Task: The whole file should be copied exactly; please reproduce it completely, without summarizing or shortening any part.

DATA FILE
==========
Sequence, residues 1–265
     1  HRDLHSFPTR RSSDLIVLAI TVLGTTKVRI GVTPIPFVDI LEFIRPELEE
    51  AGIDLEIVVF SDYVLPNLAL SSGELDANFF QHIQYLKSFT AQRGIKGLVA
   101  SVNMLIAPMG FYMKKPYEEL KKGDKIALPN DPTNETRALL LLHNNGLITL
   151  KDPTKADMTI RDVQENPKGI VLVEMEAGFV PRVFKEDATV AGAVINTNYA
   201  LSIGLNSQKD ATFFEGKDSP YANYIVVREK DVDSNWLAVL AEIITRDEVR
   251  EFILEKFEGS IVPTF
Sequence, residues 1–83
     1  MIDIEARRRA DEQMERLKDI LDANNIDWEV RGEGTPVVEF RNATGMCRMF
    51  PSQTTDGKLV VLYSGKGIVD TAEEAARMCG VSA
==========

Sequence, residues 1–265
     1  HRDLHSFPTR RSSDLIVLAI TVLGTTKVRI GVTPIPFVDI LEFIRPELEE
    51  AGIDLEIVVF SDYVLPNLAL SSGELDANFF QHIQYLKSFT AQRGIKGLVA
   101  SVNMLIAPMG FYMKKPYEEL KKGDKIALPN DPTNETRALL LLHNNGLITL
   151  KDPTKADMTI RDVQENPKGI VLVEMEAGFV PRVFKEDATV AGAVINTNYA
   201  LSIGLNSQKD ATFFEGKDSP YANYIVVREK DVDSNWLAVL AEIITRDEVR
   251  EFILEKFEGS IVPTF
Sequence, residues 1–83
     1  MIDIEARRRA DEQMERLKDI LDANNIDWEV RGEGTPVVEF RNATGMCRMF
    51  PSQTTDGKLV VLYSGKGIVD TAEEAARMCG VSA